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Mountaintop Experiences: Romancing the Bible

Chris Carpenter - Director of Internet Programming

If you were faced with the proposition of reading a Harlequin Romance or the Holy Bible what would you choose?

No, I am not joking nor am I trying to be cute. Despite being from opposite ends of the literary spectrum, choosing a romance novel in lieu of a Bible is far from a simple decision for many people.

As Christians the obvious answer should be the Holy Bible but for many the answer isnt always quite so clear. Imagine what a non-believer must think when presented with this query.

For Brian the answer was also a bit fuzzy. Having hiked for several days on the Appalachian Trail without anything to read, he was hungry for the privilege of scanning the parched text of a good book.

Despite the natural solitude that hiking and reading each provide, it seems the two would go hand in hand. This is not the case. Most hikers, upon battling a cumbersome pack up and down hardscrabble peaks for much of a day, are usually content to set up camp, eat, and then collapse into a deep slumber of sweet dreams and aching feet. Sadly, reading doesnt rank high on the priority list. Brian was different.

As we breathlessly lumbered into the Hawk Mountain Shelter to set up camp for the night, my dear old friend and hiking partner John noticed our soon to be buddy Brian foraging through every nook and cranny of our primitive accommodations.

"What are you looking for," quizzed John, as we removed our backpacks. "Did you lose something?"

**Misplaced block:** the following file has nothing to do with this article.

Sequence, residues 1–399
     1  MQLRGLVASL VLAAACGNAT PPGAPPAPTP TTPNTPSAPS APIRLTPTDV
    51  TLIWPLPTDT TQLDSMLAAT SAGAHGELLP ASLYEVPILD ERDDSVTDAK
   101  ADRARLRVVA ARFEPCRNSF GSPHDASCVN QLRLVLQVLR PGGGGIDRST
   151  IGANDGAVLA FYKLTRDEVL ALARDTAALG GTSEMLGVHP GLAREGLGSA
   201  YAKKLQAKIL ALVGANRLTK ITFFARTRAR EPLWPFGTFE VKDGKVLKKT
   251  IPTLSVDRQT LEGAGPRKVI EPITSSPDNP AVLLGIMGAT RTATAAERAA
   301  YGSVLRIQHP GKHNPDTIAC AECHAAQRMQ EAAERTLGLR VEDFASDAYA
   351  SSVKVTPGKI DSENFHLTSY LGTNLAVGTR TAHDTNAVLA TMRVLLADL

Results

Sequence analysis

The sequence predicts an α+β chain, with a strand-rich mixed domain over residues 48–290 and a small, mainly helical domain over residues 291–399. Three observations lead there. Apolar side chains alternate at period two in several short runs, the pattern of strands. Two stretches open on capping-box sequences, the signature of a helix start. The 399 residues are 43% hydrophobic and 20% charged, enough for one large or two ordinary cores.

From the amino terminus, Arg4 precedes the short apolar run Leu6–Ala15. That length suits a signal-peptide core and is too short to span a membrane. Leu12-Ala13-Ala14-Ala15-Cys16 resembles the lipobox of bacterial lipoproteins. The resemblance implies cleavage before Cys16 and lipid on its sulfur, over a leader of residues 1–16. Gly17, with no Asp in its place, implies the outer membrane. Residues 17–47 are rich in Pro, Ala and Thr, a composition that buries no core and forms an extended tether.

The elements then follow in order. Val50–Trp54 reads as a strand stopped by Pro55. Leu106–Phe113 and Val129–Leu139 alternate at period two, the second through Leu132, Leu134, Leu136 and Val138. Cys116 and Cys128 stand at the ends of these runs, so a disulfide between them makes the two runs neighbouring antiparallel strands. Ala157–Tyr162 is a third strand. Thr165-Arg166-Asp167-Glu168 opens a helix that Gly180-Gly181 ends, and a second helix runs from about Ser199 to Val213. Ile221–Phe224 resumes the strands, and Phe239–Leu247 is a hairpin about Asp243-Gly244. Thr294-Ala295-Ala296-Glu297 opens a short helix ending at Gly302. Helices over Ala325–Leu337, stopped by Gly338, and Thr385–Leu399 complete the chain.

"Yes and no," replied Brian, not looking up from his quest. "I think I lost my brand new aqua socks. I cant believe it. I just bought them."

"Are they gray and white and made by L.L. Bean?" I chimed in. "If so, we saw them about two miles back laying in the middle of the trail. We didnt know who they belonged to so we just left them."

"Yeah, they are," he answered. "You say they are a couple of miles back?"

John and I nodded in unison.

"I will give you guys $50 dollars if you go back and get them for me."

While the proposition was enticing to us both, the thought of making a quick buck versus going to sleep was a no-brainer. We each declined politely and began the arduous process of unpacking our 40-pound burdens.

Brian observed us for several minutes, studying each and every item we pulled from our backpacks. He had been at the shelter for several hours already and appeared to be bored. His interested gaze gave me the impression he was looking for something among our belongings. He finally broke the awkwardness of the moment.

"So, ah, did you guys bring anything to read with you?"

Before we could answer Brian continued.

"Someone told me that most of the shelters had old copies of Readers Digest. I have been out here for three days and havent found any yet. However, I did find an old Harlequin Romance sitting by that log over there. Its called "The Ways of a Man " Better than nothing I "

John eagerly interrupted his diatribe. "Yes we did. We each have a copy of the Bible with us. Do you want to borrow one from us tonight."

He shot us a puzzled look, you know the one, an arched eyebrow followed by a curling of the upper lip. It is the kind of look similar to when you were presented a geometry problem in 10th grade that made absolutely no sense.

"Is it any good?" he asked.